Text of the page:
Public safety is one of the few things everyone agrees is a major responsibility of the federal government.
Yet twice in the last few weeks when it had an opportunity to make things safer -- for truckers, pilots, passengers and anyone on the road -- it put on the brakes short of the mark.
To be fair, there was some progress. The Federal Aviation Administration finally woke up to the fact that it is dangerous to have sleepy pilots in the air. It reduced a pilot's flight-time duty to between nine to 14 hours, down from a maximum of 16 hours now and limited actual flying time to eight or nine hours. It required 30 consecutive hours off every week, a 35 percent increase, and that there be a minimum of 10 hours off between shifts (up from eight hours) to allow time to eat and at least eight hours of sleep.
However, it decided to exempt cargo pilots, who do much of their flying overnight when the body craves sleep, from the rules because it would be too costly when compared with the safety benefits.
"A tired pilot is a tired pilot, whether there are 10 paying customers on board or 100, whether the payload is passengers or pallets," Deborah A.P. Hersman, National Transportation Safety Board chairman, told The Associated Press.
One could argue all the new rules are more costly than their benefits. In 2010, there were 828 airplane crash fatalities worldwide. That's up from 731 in 2009. The new rules will prevent about 11/2 accidents a year and an average of six deaths a year, FAA officials predict.
While passenger plane pilots will be limited to eight or nine hours of flying -- and in many cases doing the flying by pushing the "autopilot" button -- the Department of Transportation decided it is OK to keep the 11-hour limit on truck drivers, who don't have an "autopilot" option.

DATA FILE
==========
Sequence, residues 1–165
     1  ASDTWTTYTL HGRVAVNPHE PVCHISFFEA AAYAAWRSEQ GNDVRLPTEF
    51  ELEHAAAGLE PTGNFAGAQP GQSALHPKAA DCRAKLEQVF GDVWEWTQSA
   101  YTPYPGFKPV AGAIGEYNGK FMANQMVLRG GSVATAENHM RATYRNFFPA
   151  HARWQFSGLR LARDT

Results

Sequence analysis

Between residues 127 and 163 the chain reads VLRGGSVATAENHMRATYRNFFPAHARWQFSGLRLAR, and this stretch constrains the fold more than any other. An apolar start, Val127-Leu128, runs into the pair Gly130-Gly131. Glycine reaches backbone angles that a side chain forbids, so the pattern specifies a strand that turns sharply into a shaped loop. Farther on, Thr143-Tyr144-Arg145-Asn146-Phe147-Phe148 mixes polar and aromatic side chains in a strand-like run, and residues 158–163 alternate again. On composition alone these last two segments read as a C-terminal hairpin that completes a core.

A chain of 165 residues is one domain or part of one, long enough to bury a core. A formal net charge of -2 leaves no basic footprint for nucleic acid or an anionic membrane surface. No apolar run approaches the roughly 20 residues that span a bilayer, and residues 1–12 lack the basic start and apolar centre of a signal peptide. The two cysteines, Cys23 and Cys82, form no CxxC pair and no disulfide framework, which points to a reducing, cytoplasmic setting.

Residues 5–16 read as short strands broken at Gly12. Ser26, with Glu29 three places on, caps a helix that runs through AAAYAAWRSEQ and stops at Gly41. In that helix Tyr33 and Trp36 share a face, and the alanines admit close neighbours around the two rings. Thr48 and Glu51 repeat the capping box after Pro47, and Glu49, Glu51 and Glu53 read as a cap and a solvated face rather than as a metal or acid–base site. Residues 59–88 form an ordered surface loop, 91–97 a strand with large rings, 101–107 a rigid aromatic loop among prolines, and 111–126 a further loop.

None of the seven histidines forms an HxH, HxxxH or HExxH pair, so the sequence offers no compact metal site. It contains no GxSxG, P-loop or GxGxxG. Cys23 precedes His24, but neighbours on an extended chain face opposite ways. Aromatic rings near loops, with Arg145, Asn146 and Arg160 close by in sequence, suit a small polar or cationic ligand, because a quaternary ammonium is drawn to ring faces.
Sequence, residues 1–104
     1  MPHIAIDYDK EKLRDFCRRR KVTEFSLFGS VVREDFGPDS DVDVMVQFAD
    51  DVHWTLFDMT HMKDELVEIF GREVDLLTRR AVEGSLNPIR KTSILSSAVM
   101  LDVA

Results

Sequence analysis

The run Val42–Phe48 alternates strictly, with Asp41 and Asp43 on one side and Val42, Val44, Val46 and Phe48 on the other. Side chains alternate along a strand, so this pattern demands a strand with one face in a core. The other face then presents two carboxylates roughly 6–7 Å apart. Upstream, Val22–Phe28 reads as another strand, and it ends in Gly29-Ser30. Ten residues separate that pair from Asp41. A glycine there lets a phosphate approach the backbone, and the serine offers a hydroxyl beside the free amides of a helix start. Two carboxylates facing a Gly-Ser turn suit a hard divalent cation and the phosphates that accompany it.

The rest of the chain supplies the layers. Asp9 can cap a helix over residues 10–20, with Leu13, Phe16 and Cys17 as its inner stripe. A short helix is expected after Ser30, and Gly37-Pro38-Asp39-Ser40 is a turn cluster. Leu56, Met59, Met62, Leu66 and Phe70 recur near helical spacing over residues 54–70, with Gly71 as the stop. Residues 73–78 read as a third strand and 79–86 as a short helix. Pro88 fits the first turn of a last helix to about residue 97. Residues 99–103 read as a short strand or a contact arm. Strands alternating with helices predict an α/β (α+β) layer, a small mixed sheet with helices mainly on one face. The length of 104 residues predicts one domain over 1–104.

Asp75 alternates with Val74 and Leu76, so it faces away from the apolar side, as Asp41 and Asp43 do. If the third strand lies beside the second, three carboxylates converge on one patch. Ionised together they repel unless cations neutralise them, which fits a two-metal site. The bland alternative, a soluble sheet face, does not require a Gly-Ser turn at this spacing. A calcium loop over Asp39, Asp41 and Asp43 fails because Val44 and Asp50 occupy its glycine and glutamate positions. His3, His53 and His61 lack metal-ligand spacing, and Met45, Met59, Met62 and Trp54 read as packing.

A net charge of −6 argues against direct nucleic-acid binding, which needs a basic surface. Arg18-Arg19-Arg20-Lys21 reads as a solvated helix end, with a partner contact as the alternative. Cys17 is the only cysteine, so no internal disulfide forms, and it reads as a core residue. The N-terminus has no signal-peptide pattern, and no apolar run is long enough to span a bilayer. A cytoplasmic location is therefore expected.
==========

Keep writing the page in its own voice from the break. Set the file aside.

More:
DOT's idea of making the roads safer is to reduce truckers' maximum work week to 70 hours (a cut of 12 hours) and to enforce a mandatory 30-minute rest break after seven consecutive hours of driving. It also called for at least two weekly rest periods spanning 1 a.m. to 5 a.m.
Truckers suffer more on-the-job deaths than any profession in the United States. The average life expectancy of a truck driver is 61, 16 years less than the U.S. average.
There were 3,675 truck-related fatalities in 2010 in the United States, more than four times the fatalities worldwide in airplane crashes.
"Most truck drivers admit they drive while tired, and nearly half said they fell asleep behind the wheel at least once in the previous year under the existing rule," Henry Jasny, vice president and general counsel of Advocates for Highway and Auto Safety, told McClatchy Newspapers.
Everyone knows that time is money. In these situations, time and money have been made more important than the public's safety. It seems the government is asleep at the wheel.